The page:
The Wild Food Walker arrives, continued…….

I indeed went to the pub last night and enjoyed sampling 2 beers. One was the tried, tested and trusted Jerusalem from the wonderful MD and Head Brewer at Brampton Brewery – Chris. The other was something a little out of the ordinary and was Portland Black from the Welbeck brewery. An excellent beer and definitely gives the Brampton Bock a run for its money !

So enough of  beer, and back to the list of yesterdays finds.

Chickweed – great drifts growing well and at this time of year a treat to steam.

Garlic Mustard – Tiny leaves poking through here and there, still quite bitter at first taste but packing the mustard punch.

Ransoms – The first leaves just showing maybe 4 inches long. A real treat, too early to pick in bulk but what a sweet garlic treat to nibble in bimble.

Blackberry – told you there would be a surprise ! No fruit but the stems are starting to colour up which means we will be into bramble growing season shortly. This means two things – this is your last chance to get rid of brambles in unwanted places and to look forward to bramble tips in a few weeks.

Shepherds purse – mostly found in the dog pee zone so avoided but a good mix with chickweed when clean.

Hawthorn – just coming into bud so only a few weeks til the young leaves are bursting, another wonderful nibble in bimble.

Elder – similarly, just coming into bud so kep a sharp look out for elder buds and shoots for a really unusual pickle.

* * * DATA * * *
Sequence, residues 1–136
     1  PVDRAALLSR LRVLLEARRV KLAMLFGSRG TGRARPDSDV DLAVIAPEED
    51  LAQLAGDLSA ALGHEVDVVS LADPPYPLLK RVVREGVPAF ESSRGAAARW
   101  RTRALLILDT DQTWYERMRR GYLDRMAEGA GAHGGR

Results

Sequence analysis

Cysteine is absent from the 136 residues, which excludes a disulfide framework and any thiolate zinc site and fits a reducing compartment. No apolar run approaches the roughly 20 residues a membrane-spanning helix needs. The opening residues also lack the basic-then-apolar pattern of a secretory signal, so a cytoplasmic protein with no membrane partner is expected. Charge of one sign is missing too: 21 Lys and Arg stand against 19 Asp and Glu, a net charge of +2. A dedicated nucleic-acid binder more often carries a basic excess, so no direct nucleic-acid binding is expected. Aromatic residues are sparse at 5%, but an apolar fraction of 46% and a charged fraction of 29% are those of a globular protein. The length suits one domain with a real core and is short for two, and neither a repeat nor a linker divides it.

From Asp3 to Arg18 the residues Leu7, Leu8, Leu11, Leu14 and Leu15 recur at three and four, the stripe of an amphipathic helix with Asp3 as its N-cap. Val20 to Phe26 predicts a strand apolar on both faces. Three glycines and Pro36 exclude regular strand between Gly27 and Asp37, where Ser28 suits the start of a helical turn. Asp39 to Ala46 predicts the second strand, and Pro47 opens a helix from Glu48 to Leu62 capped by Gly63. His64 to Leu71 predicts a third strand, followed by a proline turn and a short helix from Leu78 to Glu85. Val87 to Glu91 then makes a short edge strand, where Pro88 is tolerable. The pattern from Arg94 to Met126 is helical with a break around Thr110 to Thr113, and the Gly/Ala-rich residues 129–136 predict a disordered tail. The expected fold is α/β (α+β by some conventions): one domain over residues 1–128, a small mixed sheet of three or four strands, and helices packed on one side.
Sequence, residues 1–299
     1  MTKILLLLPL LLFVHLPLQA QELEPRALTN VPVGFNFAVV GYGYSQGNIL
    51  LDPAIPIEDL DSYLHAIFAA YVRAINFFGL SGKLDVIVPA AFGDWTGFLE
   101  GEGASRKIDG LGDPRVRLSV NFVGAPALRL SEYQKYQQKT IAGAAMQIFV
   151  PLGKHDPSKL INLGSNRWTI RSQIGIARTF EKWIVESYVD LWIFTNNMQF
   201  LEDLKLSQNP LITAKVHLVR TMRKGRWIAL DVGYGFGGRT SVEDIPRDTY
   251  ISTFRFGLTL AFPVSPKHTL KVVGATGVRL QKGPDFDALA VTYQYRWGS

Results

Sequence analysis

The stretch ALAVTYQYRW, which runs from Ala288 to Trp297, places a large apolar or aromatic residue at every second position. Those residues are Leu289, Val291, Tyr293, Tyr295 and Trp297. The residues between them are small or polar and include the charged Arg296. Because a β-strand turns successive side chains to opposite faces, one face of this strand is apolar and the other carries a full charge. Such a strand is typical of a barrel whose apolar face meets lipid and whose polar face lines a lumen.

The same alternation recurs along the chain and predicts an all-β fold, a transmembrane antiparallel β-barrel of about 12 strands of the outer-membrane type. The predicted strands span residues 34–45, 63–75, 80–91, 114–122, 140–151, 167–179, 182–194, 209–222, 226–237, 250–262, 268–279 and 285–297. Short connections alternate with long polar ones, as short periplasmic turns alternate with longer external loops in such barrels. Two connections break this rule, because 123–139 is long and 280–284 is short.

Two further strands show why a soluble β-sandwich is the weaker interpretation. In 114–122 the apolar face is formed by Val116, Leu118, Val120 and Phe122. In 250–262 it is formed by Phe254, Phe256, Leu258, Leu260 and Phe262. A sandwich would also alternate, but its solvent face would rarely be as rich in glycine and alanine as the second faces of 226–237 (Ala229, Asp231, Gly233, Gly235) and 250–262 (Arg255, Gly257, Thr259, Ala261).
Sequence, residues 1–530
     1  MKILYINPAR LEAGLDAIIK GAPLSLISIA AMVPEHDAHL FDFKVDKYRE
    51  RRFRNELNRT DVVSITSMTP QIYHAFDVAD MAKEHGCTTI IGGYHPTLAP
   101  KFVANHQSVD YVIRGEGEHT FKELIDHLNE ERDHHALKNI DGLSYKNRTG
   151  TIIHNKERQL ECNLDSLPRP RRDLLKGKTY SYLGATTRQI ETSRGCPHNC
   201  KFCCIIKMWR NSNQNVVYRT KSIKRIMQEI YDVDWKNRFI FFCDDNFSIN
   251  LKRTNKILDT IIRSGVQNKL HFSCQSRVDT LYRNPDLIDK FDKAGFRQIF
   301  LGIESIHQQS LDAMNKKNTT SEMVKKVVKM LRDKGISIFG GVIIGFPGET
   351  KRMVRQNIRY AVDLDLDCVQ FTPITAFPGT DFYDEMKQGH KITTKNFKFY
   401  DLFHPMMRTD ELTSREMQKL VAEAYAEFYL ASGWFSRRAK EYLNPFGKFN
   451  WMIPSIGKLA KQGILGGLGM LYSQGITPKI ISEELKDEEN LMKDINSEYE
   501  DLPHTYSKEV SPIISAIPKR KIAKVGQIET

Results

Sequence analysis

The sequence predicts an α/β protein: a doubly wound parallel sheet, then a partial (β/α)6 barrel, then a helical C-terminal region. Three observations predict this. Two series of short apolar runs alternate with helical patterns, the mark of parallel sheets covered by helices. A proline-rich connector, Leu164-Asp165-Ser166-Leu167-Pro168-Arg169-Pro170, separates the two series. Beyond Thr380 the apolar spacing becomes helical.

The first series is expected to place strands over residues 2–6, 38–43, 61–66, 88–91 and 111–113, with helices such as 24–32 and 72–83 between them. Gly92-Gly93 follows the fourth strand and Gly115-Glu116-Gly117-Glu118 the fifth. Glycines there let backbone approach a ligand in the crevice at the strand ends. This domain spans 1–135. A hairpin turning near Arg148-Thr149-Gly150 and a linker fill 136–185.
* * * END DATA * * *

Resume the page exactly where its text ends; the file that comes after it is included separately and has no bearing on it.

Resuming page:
On the subject of Elder don’t forget the Jelly (Jews) ear fungus. Last week in Graves park (Sheffield) I found a felled tree which clearly was not Elder and had about 2 kilos of useable Jelly ear and a hand full of Velvet Shank growing on it. Cue an interesting evening meal !

This morning out for a swift walk and the first Cumfrey shoots are through – debatable as to edibility but a gift of a plant otherwise.

If you read this far I would be interested to know if Latin plant names would be a help or a hindrance.  ?

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4 thoughts on “The Wild Food Walker arrives, continued…….

  1. I’ve only just started seeing green tips emerging from the ground up in County Durham. I’ll start looking in earnest if you’re seeing green stuff in Sheffield.

    I didn’t know you can eat bramble tips – what do you do with them?

  2. As usual WFF gets in quick and accurate but I believe I am allowed to add a little more…… don’t forget there are over 200 subspecies of Blackberry which means a wide variety not only in fruit (taste and size) but also in quality of vegetation. Some types of bramble tip can be harvested up to a length of 10 inches. Choose those that are nice and fat and snap like a pea pod – crisp and juicy. The thorns need to be formed but still soft and with a little practice can be flicked off with the thumb nail. Steamed is a good way to serve but they are also good for adding bulk to other dishes, this year I intend to try them in a stir fry ! WFW

  3. On scientific names – while I am a huge fan of them, I do also love that common names in English are so often the common names of England and don’t need much more specificity there. Except when you have been invaded… so on crayfish or oak (acorns), perhaps yes…
    Thanks again for you blog – just discovered it.
    Oliver

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